U.S. District Judge Sara Lioi of the U.S. District Court for the Northern District of Ohio ruled that Principal and various Principal entities named as defendants violated the 30-day blackout advance notice requirement in the Employee Retirement Income Security Act (ERISA).
In making that ruling, Lioi rejected defense arguments that Principal was not plan administrator of the Roholt Vision Institute Inc. 401(K) Profit Sharing Plan. Lioi asserted that there was a “strong inference” that the defendants had been delegated the plan administrator role since they had control over a separate plan asset account.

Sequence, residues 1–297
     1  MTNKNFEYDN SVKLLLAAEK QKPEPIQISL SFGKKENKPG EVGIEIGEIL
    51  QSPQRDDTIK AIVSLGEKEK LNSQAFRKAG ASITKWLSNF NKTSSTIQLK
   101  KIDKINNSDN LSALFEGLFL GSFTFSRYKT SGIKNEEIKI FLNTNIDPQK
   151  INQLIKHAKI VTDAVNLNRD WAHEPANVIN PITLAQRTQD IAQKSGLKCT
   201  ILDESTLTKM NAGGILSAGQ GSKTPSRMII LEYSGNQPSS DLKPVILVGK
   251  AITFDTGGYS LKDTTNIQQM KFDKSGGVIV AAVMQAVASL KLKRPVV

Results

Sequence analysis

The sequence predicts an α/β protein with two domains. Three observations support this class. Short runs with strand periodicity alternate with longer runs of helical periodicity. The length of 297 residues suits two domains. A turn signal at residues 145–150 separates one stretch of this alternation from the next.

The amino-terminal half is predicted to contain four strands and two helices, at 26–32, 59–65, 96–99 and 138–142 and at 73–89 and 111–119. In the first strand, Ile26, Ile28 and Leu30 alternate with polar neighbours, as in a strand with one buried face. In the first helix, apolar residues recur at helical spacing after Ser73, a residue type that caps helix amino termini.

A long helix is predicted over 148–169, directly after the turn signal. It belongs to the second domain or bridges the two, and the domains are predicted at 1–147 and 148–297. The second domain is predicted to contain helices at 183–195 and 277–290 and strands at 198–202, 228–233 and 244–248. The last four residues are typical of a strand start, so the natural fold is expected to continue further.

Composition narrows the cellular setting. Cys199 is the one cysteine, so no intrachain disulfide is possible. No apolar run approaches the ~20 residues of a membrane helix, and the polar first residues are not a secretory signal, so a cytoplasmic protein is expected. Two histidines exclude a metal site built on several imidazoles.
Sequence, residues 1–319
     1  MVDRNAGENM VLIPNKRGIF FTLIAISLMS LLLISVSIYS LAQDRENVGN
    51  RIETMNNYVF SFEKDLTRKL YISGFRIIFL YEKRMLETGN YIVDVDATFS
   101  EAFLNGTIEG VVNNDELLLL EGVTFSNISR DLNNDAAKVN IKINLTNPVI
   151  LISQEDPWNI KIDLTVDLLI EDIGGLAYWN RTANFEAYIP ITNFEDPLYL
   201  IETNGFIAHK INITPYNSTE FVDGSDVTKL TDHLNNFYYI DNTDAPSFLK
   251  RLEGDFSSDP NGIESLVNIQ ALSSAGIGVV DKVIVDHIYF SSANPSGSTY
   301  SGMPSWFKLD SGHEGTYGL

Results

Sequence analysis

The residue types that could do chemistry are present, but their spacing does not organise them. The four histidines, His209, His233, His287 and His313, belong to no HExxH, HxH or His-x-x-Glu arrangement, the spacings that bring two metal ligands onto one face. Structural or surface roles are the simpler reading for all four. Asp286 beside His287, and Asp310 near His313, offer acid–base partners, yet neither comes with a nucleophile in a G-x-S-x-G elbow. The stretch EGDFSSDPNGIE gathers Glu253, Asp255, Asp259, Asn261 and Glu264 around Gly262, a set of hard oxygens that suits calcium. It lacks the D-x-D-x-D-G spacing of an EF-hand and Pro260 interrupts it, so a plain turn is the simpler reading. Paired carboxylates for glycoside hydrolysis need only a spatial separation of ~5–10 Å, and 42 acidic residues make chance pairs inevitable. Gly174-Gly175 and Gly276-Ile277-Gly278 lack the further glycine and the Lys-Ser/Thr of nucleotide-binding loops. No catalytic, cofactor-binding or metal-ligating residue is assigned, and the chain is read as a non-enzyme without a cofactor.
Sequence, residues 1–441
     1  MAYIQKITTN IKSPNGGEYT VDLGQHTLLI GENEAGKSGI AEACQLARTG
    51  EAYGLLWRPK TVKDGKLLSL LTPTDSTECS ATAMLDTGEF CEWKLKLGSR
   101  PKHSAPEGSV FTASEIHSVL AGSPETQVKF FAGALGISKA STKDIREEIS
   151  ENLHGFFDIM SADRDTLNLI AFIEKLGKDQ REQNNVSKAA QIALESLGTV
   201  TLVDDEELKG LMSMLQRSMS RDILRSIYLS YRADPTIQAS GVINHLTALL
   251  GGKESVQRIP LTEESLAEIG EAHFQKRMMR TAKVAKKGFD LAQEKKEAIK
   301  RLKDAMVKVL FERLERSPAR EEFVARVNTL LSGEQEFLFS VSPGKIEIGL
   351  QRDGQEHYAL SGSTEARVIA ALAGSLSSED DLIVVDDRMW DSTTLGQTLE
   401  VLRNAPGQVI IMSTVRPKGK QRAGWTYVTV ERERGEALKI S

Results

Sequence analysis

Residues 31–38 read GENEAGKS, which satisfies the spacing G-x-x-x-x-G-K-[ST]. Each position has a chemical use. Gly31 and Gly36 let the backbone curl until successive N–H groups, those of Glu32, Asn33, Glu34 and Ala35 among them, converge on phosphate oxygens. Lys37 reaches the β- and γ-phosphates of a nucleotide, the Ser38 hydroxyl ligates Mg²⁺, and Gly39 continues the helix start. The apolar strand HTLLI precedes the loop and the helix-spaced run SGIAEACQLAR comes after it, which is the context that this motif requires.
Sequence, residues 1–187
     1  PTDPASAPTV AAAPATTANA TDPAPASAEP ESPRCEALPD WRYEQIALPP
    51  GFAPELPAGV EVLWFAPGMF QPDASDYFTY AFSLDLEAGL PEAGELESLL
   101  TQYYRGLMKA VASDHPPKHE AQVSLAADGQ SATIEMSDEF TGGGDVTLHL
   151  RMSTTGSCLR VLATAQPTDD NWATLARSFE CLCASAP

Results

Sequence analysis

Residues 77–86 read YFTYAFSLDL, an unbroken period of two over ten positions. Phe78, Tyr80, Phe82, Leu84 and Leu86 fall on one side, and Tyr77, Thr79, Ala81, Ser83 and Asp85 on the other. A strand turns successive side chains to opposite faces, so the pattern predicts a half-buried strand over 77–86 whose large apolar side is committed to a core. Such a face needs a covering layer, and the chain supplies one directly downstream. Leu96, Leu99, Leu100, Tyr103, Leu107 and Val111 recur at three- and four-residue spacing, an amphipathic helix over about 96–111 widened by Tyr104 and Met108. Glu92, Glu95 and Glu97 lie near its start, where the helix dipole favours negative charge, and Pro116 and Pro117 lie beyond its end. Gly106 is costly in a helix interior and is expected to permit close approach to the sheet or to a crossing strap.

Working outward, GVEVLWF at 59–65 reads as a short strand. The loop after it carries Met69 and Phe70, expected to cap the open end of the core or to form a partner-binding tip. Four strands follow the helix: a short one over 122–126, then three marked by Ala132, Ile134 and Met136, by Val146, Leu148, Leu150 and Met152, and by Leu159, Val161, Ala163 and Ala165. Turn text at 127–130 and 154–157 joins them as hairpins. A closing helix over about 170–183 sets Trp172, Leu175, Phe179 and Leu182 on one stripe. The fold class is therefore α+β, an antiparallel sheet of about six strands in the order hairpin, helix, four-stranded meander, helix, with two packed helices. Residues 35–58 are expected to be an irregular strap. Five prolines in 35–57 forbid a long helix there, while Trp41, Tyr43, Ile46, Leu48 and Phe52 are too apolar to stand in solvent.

In addition to the defendants’ ability to exercise control over the plan assets, Lioi also pointed to the fact that the Principal announced the blackout only hours before it started.
According to the opinion, the plan entered into a group annuity contract with Principal. Pursuant to this group annuity contract, Principal accepted an appointment as investment manager of the assets for the plan, which were to be held in separate accounts as required by the group annuity contract.
Principal announced the blackout — for the separate account containing the plan assets — on September 25, 2008, that was to start the following morning and end three years after that.
The participants claimed their account values dropped because of the inability to transfer assets during that time.
The case is Roholt Vision Institute Inc. 401(K) Profit Sharing Plan v. Principal Life Insurance Co., N.D. Ohio, No. 5:09-CV-02431.